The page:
'Heroes' recap: Problem with the 'rents | EW.com

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'Heroes' recap: Problem with the 'rents

While we are introduced to a character that can control another person's actions, we find out who is really pulling the strings and setting the stage for the war to come

Heroes, Milo Ventimiglia

‘Heroes’ recap: Problem with the ‘rents

Closure is a difficult thing for a serialized enterprise to come to grips with. On the one hand, every storyteller knows that everything that has a beginning must also have an end — and that applies to both the macro (the all-encompassing story itself) and the micro (each and every plot thread). But on the other hand, you’ve got the desire to add layers and reversals and loops, all in an attempt to stretch out that story for as long as possible. The latter can get tiring, as anyone who’s watched Lost for its entire run can attest — at some point, we viewers want answers to the questions that get posed, and it’s up to the storytellers to make withholding them feel like foreplay.

What made ”Angels and Monsters” better than your average episode of Heroes is that it actually answered one of this season’s biggest questions: What’s the deal with Dead Head Linderman? We’d seen him whispering sweet religious nothings into Nathan’s ear ever since the assassination attempt. What seemed a figment of the junior senator’s imagination has been revealed to be implanted by Maury Parkman (Alan Blumfeld) — who is a far more powerful telepath than his son, and not burdened with morality — under orders from the not-actually-deceased Arthur Petrelli (Robert Forster). And with that end-of-the-episode revelation, so many pieces fall into place.

Arthur is the principal mind behind the Pinehearst Corporation, which is angling to compete directly with the Company. How? First, by having ”Linderman” hire Daphne to steal both halves of the super-serum formula, most likely to create his own army of gifted and talented soldiers. Second, by manipulating Nathan into believing that God wanted him to keep quiet about his abilities, thereby giving him some breathing room to operate without the world at large poking into anything and everything hero-related. And third, by forming the nucleus of the Hero Hunting Squad of the Future around Daphne and Knox. All of this accomplished through nothing more than conversations with mental mirages.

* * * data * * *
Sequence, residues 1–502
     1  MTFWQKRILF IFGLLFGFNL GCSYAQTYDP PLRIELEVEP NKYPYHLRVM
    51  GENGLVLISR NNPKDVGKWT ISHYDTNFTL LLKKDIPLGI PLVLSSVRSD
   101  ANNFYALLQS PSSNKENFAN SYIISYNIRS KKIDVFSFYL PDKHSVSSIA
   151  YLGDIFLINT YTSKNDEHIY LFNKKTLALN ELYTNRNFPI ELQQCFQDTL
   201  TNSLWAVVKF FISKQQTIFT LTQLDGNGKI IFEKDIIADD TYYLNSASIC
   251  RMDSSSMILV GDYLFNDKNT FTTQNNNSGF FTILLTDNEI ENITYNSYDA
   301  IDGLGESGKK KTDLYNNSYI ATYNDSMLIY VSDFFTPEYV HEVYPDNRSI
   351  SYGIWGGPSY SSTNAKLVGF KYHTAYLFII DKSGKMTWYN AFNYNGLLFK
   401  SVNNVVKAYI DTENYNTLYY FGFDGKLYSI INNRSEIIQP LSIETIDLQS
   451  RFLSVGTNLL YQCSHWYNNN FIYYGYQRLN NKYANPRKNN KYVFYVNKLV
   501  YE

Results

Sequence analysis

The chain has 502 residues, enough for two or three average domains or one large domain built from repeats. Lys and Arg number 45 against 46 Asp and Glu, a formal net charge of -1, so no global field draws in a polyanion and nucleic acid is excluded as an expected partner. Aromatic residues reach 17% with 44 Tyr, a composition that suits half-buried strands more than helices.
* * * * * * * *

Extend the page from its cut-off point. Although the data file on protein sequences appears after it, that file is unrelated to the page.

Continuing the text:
Sometimes, the long con pays off. In spades.

Of course, this being Heroes, not everything in any given episode comes together quite as well as you’d hope — like the ongoing devolution of Mohinder Suresh. Also known as MohinderFly. Now known as MohinderAlienQueen. You know a character is in trouble when the only thing the writers can think to do with him is make him a shameless amalgam of other, better sci-fi flicks. And you know what makes me think the show has given up on imbuing MohinderAlienQueen with anything resembling legitimacy? The fact that when we see the good doctor, he’s slithering up on a drug dealer in some nameless NYC park. In broad daylight. And we’re led to believe that Mohinder then drags him — trailing blood, mind you — back to his nest. Also in broad daylight. Riiiiiight.

NEXT: Hiro runs with the idiot ball

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